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This is my code so far with some print lines just to make sure it was actually even going into the method. For some reason NOTHING is being drawn on the canvas, I have a program similar to this as far as the drawing goes and it works fine. What is wrong with this one?

import java.awt.*;
import java.awt.event.*;
import java.util.ArrayList;
import java.util.Scanner;
import javax.swing.*;

public class gameOfLife implements ActionListener {
  private int height;
  private int width;
  private Graphics g;
  private JPanel panel;
  private JFrame frame;
  int[][] board= new int[40][40];

  * @param args
  public static void main(String[] args) {
    // TODO Auto-generated method stub
    gameOfLife gui = new gameOfLife();

  public gameOfLife() {
    int height=400;
    int width=400;
    frame= new JFrame("Keegan's Game Of Life");
    frame.setSize(new Dimension(height,width));
    frame.setLayout(new BorderLayout());
    frame.setDefaultCloseOperation(JFrame.EXIT_ON_CLOSE );

  public void drawBoard() {
    g.drawLine(0, 0, 50, 50);
    System.out.println("Done Drawing");
    g.drawString("IT WORKED!", 100, 100);

  public void actionPerformed(ActionEvent arg0) {
    // TODO Auto-generated method stub
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2 Answers 2

Let's start with g=frame.getGraphics();

This is a very bad idea and not how custom painting is performed. getGraphics may return null and is generally only a snap shot of the last paint cycle. Anything painted to the Graphics context via this method will be destroyed on the next repaint cycle.

You should never maintain a reference to any Graphics context, they are transient and may not be the same object between paint cycles

Instead, create yourself a custom component (something like JPanel) and override it's paintComponent method

Check out Performing Custom Painting for more details


You can check out this simple example for an idea...

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+1, getGraphics() is evil! –  camickr Feb 8 '13 at 4:59

You can override paint(Graphics g) in your canvas, otherwise the drawing will disappear once the canvas is invalidated (e.g. moved or covered by another windows).

It might be easier to let your class extends JFrame and override the paint methods, otherwise you can use anonymous class e.g.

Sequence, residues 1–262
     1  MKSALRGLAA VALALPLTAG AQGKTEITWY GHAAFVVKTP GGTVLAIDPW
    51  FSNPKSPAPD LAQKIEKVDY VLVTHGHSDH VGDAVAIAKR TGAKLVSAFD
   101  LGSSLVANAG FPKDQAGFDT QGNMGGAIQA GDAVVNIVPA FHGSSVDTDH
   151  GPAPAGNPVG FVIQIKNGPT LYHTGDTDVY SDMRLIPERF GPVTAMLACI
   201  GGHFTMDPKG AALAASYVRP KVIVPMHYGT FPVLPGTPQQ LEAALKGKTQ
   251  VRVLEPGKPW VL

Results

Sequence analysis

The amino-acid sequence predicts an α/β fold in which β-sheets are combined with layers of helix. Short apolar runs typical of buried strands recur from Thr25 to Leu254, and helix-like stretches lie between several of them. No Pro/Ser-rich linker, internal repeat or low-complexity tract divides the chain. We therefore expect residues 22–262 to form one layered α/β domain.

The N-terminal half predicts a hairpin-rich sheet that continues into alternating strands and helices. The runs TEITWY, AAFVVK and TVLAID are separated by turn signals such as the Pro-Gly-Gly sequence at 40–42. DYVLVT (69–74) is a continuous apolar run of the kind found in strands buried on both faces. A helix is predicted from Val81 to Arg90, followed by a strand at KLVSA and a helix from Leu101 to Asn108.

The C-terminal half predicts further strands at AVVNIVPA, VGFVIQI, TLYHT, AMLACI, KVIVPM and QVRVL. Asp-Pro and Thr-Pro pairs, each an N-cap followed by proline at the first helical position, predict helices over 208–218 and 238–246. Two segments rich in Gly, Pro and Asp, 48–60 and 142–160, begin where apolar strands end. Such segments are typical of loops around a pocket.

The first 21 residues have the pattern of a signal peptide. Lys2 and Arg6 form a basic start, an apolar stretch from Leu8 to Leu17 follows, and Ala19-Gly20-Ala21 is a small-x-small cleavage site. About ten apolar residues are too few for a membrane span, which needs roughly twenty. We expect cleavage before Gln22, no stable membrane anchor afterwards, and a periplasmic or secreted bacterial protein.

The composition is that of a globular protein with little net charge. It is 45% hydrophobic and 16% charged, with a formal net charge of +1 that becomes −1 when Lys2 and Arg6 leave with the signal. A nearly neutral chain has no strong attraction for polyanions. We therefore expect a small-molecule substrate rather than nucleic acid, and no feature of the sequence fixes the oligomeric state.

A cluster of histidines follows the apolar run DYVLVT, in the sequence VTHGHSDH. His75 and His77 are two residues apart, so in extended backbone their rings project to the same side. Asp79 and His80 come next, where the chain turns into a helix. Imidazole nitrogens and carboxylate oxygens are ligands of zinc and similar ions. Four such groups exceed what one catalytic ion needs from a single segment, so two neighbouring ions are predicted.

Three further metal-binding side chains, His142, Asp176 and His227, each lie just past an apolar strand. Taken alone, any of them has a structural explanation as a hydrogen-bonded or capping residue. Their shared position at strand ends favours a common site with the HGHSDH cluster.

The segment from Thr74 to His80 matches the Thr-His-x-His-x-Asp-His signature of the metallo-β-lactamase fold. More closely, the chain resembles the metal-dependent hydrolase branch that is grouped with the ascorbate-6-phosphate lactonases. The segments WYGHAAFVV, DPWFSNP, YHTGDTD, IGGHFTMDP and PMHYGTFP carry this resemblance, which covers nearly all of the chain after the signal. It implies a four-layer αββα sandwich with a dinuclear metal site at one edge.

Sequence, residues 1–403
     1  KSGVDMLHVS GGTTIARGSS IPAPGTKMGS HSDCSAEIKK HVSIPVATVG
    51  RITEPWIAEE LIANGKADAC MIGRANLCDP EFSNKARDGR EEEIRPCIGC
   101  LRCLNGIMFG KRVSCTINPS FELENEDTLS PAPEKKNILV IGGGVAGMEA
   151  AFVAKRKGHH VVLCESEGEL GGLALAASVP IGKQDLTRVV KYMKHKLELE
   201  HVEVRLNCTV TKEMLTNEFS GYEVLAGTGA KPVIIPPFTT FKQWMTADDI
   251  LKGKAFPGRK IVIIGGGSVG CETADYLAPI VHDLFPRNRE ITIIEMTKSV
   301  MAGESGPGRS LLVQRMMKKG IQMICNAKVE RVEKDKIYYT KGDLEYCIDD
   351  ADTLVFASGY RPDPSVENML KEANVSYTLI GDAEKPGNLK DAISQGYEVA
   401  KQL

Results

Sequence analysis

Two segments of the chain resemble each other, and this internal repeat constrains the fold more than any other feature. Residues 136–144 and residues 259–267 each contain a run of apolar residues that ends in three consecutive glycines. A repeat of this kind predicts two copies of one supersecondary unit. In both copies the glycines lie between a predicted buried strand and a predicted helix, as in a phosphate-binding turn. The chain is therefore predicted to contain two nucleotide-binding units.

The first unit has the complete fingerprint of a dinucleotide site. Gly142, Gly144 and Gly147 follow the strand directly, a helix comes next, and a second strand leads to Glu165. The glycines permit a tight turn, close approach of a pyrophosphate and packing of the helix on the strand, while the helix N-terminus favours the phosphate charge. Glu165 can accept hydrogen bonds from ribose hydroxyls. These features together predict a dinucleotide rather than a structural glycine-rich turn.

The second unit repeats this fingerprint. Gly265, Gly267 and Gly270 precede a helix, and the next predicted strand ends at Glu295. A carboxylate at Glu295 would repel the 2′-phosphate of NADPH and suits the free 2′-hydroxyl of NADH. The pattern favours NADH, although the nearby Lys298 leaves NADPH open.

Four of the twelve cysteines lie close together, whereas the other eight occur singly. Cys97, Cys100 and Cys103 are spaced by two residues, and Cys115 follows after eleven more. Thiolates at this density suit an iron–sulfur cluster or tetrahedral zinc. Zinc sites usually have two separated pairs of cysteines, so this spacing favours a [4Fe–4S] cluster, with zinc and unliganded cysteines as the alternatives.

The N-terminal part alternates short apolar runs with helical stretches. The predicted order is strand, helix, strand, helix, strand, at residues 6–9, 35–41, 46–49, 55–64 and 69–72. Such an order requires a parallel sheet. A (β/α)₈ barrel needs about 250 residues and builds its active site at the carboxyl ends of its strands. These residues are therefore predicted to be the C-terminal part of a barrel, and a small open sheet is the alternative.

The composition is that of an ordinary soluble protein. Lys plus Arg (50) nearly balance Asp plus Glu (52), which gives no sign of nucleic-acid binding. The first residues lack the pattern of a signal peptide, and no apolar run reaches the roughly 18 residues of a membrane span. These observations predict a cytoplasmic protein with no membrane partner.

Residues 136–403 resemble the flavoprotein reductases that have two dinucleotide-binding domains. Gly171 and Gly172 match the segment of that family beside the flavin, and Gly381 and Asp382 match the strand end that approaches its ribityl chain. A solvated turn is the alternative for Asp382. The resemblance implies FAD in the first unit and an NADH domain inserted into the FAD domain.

frame = new JFrame("Keegan's Game Of Life") { //override paint here }

However, if your application aims to create animation for Game Of Life, you should not be doing this in a JFrame, consider using JPanel or Canvas

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Overriding paint of top level containers isn't encouraged pratice. Apart from the shire complexity of the paint methods for this containers, they don't provide double buffering support like descendents of JComponent –  MadProgrammer Feb 8 '13 at 4:55
This is true, in fact I did not know why the question is using a JFrame directly and not a smaller container e.g. JPanel or a Canvas. –  iTech Feb 8 '13 at 4:57
Canvas is a heavy weight component and unless you're intending to use a BufferStrategy of some kind, really shouldn't be mixed with Swing components. The reason the OP isn't using something like this is mostly from a lack of experience (and possibly research) –  MadProgrammer Feb 8 '13 at 5:04
Game Of Life animation is not trivial and it might be good to use Canvas with it. In fact, I found few open source implementations for it and they use Canvas –  iTech Feb 8 '13 at 5:09
Didn't say you shouldn't (ever), but you need to have a reason for it. Canvas alone won't help with animation (in fact it would make it flicker). I can give half a dozen links to complex animation I've done for previous question using pure Swing. But you should have a good reason for using it (Canvas), as mixing light and heavy weight components is just...messy...Just pointing it out ;) –  MadProgrammer Feb 8 '13 at 5:12

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